• FYI:  I have noticed, that somethings the advanced materials get washed out in Enscape. In this case, this should be changed to a "Generic" material.

I do not recall why the Finish is set to Glossy. Below is a close up view of the material. The white highlights are related to the glossy setting and the current sun position in the view.

Clicking on the image swatch opens the Texture Editor. Here is where the size of the texture is defined (i.e. Scale parameters). This is also where the material is set to Repeat vertically and horizontally.

The same values are entered for the Relief Pattern image.

The Material Browser has an icon in the lower left which allows you to create a new material library or open an existing one. For the brick material library I simply created a new library, which involved providing a name and location for the ADSKLIB file.
I placed all the image files (textures) in a folder along with the ADSKLIB file on the server so everyone has access to it.

Anyone using these materials will need to add this path to the Additional Render Appearance Paths in Revit's Options dialog. If this is not done, the material will be gray. These special paths can be incorporated into a deployment. I have several in my deployment; for brick, Herman Miller, Haworth, etc.

Anyone who needs access to this library can use the Open Existing Library option in the Material Browser dialog (shown previously). Make sure the File of type is set to ADSKLIB (not structural property set).

Once loaded, the new library is listed in the Library Panel as shown below. Materials can be loaded into the current project, just like you do with the Autodesk provided materials. Unless the custom library is in a read-only folder, project materials can be dragged into the custom library as well.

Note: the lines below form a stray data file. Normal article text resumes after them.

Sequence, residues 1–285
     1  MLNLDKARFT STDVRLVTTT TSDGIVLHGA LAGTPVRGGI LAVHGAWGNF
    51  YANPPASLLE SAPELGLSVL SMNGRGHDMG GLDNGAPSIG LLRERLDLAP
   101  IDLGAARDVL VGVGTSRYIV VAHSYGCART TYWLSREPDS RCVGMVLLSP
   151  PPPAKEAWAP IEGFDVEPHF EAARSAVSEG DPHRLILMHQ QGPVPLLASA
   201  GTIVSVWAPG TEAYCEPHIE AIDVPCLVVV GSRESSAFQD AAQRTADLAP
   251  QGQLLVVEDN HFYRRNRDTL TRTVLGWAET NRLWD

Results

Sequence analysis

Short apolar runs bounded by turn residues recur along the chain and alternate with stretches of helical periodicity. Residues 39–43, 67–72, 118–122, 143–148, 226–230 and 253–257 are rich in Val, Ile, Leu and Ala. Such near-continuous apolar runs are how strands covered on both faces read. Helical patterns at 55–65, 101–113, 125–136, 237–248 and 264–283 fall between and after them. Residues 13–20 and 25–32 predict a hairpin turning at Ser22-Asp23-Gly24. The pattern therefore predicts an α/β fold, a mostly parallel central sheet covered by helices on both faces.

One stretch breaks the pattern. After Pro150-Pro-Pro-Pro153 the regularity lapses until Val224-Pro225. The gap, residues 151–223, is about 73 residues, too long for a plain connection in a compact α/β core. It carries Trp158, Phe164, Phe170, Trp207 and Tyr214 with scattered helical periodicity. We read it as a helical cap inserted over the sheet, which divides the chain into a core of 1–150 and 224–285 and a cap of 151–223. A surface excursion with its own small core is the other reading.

When a material is saved to a custom material library, it includes the main material and its assets (i.e. appearance, thermal, structural). Sometimes, we just want to change a brick material already defined in the project; because it is used by several walls, families, etc. In this case, it is easier to modify the existing material.

It is possible to replace a material's asset with another one...

In the Asset Browser, we can also load the custom material library. This gives us direct access to the appearance assets associated with the main materials as shown below.

If needed, the material assets can be modified apart from the main material. This may not need to be done very often, at least in this example. However, when you need to do it, the process is not very intuitive. From the Manage tab, select Additional Settings and then Materials Assets.

When both the Asset Editor and the Material Browser are open, double-click on a material to load its settings into the adjacent Asset Editor dialog as shown below.

This is a little bit of a tangled web, but getting a handle on this will make the design process and visualization efforts a little more efficient!